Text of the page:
Blumenthal did offer, however, that either Zuckerberg or the head of Instagram, Adam Mosseri, could appear before his committee.
“It is urgent and necessary for you or Mr. Adam Mosseri to testify to set the record straight and provide members of Congress and parents with a plan on how you are going to protect our kids,” he told Zuckerberg.
A spokesman for Facebook, based in Menlo Park, California, confirmed receipt of Blumenthal’s letter but declined any comment.
As public discomfort and scrutiny of the social network giant has grown in recent weeks, the focus has homed in on Zuckerberg, who controls more than 50 percent of Facebook’s voting shares.
Haugen, who buttressed her statements with tens of thousands of pages of internal research documents she secretly copied before leaving her job in the company’s civic integrity unit, accused Facebook of prioritizing profit over safety and being dishonest in its public fight against hate and misinformation.
“In the end, the buck stops with Mark,” Haugen said in her testimony. “There is no one currently holding Mark accountable but himself.”
On Tuesday, the attorney general of the District of Columbia added Zuckerberg as a defendant in a 2018 lawsuit he filed against Facebook on the privacy of users’ personal data. The action by Attorney General Karl Racine seeks to hold Zuckerberg personally liable in addition to Facebook in the case involving data-mining firm Cambridge Analytica, which gathered details on as many as 87 million Facebook users without their permission.
The Facebook users’ data is alleged to have been used to manipulate the 2016 presidential election.
“These allegations are as meritless today as they were more than three years ago, when the District filed its complaint. We will continue to defend ourselves vigorously and focus on the facts,” Facebook spokesman Andy Stone said.
Racine’s office said it was the first time a US regulator specifically named Zuckerberg in a legal action. He and the company could face millions of dollars in penalties if violations of law were found.
The Federal Trade Commission has filed a major antitrust lawsuit against Facebook, and various state attorneys general also have taken legal action against the company.
“Based on the evidence we gathered in this case over the past two years ... it’s clear Mr. Zuckerberg knowingly and actively participated in each decision that led to Cambridge Analytica’s mass collection of Facebook user data, and Facebook’s misrepresentations to users about how secure their data was,” Racine said in a statement. “The evidence further demonstrates that Mr. Zuckerberg also participated in misleading the public and government officials about Facebook’s role.”

Changing Facebook’s name will not deter lawmaker or regulatory scrutiny, experts say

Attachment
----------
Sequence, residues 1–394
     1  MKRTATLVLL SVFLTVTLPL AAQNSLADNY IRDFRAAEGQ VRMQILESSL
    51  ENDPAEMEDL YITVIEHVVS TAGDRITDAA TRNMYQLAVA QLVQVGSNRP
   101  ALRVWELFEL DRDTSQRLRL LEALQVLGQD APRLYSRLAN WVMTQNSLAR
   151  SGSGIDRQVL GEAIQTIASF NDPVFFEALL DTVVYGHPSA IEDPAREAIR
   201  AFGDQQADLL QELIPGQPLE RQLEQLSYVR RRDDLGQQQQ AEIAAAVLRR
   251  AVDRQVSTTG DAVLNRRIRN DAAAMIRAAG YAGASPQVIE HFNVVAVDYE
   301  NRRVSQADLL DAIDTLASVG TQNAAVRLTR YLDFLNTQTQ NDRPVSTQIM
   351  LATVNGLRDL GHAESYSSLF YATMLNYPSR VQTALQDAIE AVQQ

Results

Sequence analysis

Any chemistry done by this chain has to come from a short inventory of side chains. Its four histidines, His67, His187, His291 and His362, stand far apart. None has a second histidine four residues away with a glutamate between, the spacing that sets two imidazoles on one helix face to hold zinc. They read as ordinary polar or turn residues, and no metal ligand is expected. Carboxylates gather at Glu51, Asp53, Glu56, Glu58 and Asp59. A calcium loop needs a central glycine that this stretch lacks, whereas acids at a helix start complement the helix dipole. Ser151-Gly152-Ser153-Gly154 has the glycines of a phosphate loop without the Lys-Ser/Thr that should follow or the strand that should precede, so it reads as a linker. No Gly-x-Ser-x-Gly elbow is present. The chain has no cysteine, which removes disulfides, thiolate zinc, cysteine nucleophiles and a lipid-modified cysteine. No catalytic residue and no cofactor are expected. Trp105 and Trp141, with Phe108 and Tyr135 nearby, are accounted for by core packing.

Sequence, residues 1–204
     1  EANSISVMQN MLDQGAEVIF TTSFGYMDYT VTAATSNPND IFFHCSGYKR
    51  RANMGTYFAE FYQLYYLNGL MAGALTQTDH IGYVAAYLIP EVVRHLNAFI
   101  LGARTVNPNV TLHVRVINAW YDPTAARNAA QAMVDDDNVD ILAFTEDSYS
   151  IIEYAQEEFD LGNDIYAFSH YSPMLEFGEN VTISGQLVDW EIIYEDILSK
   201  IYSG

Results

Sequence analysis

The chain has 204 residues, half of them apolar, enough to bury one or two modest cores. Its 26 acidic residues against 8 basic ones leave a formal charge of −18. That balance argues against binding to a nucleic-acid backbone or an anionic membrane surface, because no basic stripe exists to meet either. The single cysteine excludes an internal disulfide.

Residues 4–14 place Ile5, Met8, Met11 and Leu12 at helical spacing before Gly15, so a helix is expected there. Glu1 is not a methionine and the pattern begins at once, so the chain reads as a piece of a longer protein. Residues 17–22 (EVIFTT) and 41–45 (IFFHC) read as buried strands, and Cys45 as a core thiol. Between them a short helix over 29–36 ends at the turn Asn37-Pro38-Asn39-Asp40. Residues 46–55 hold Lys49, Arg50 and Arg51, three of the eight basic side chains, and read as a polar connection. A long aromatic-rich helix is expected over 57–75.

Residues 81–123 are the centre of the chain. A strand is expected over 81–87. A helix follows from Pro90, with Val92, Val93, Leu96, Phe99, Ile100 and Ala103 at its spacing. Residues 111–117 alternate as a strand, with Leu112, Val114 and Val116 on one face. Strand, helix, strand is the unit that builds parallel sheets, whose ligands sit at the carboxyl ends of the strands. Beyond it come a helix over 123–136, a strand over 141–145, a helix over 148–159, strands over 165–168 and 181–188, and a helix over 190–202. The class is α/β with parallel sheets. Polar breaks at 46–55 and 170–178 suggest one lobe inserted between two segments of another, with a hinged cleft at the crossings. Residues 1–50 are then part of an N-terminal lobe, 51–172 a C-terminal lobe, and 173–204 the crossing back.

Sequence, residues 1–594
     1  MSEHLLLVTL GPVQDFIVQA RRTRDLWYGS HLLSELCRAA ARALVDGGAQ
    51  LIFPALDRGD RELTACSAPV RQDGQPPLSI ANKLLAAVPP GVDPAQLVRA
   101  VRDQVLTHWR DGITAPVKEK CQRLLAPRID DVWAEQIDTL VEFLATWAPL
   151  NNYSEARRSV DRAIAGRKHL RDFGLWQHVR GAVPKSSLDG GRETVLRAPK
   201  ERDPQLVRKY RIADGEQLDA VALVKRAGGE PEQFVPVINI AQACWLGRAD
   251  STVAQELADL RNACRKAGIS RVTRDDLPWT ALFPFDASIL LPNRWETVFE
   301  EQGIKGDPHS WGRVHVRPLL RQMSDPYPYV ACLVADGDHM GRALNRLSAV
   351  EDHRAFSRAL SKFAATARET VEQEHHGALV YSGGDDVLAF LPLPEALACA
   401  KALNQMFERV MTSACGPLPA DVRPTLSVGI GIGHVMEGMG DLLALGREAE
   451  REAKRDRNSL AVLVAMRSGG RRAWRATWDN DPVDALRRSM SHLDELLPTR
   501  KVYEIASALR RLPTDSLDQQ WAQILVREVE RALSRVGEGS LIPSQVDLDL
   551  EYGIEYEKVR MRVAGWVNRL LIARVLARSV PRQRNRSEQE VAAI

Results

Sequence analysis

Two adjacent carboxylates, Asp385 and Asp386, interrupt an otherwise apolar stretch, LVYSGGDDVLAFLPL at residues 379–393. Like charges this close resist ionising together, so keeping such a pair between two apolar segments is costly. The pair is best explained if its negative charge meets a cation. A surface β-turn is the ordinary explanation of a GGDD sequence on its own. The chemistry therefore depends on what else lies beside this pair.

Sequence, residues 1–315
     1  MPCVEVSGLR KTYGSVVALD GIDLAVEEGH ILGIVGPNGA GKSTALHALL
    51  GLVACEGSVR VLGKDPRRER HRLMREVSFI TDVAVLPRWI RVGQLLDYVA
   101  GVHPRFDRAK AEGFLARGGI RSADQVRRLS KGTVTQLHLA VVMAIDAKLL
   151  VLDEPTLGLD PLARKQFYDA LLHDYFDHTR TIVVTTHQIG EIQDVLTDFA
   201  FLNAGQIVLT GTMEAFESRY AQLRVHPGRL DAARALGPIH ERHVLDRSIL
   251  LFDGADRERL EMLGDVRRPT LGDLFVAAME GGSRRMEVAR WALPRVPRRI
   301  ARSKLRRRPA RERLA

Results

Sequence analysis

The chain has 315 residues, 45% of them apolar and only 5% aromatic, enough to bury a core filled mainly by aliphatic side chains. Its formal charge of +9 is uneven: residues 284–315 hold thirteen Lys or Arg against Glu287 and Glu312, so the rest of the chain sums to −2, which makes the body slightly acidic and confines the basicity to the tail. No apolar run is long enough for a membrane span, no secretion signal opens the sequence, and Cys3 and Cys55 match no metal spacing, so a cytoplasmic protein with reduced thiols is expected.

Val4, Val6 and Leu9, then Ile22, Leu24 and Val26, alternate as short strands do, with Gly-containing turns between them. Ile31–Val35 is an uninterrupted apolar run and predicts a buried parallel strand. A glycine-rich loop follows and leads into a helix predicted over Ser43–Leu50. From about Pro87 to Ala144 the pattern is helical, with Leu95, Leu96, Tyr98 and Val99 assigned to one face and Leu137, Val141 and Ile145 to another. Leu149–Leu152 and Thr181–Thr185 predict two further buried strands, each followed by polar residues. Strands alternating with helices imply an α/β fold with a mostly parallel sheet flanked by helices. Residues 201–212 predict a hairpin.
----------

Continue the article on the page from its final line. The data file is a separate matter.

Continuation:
Facebook will continue to confront the same pressures even after a rebrand, the experts said. (File/AFP)
Facebook will continue to confront the same pressures even after a rebrand, the experts said. (File/AFP)
Updated 21 October 2021

Changing Facebook’s name will not deter lawmaker or regulatory scrutiny, experts say

Facebook will continue to confront the same pressures even after a rebrand, the experts said. (File/AFP)
  • Changing Facebook's name is unlikely to enable the tech giant to distance itself from public scrutiny
  • This comes after a whistleblower leaked thousands of internal documents that showed it contributed to increased polarization online

Renaming Facebook Inc. is unlikely to enable the tech giant to distance itself from regulatory and public scrutiny around the potential harms caused by its social media apps, marketing and branding experts told Reuters.
Tech publication The Verge reported on Tuesday that the California-based firm is planning to change to reflect that as well as owning the social media platform that made it a global household name, it also now includes other thriving businesses like Instagram, WhatsApp and Oculus.
The company declined to comment regarding the report on the possible rebranding. It did not immediately respond to a request for comment for this story.
Facebook is battling intense scrutiny after a whistleblower leaked thousands of internal documents that showed it contributed to increased polarization online when it made changes to its content algorithm, failed to take steps to reduce vaccine hesitancy, and was aware that popular social media app Instagram harmed the mental health of teenage girls.
The US Senate held a hearing earlier this month into the effect of Instagram on young users.
“Legislators and politicians are sufficiently smart to not be fooled by a rebranding,” said James Cordwell, an Internet analyst at Atlantic Equities.
Renaming can be an effective strategy to allow subsidiary brands to maintain their own reputations, said Marisa Mulvihill, head of brand and activation at Prophet, a branding and marketing consultancy. But the media and regulators “are not going to stop investigating or creating reforms just because you rebranded,” she added.
The new parent company name could reflect Facebook’s focus on building the ‘metaverse,’ The Verge reported, referring to a proposed digital world where people can use different devices to move and communicate in a virtual environment.
It could also prevent a possible negative perception around the Facebook name from affecting WhatsApp, the messaging app used by nearly 2 billion people globally, and Oculus, its virtual reality brand, experts said.
According to Prophet’s annual ranking, Facebook’s brand relevance to US consumers has dropped “precipitously” over the past several years, Mulvihill said.
“What you don’t want is for that to proliferate and have a negative halo effect on other parts of your business,” said Deborah Stafford-Watson, head of strategy at brand consultancy firm Elmwood.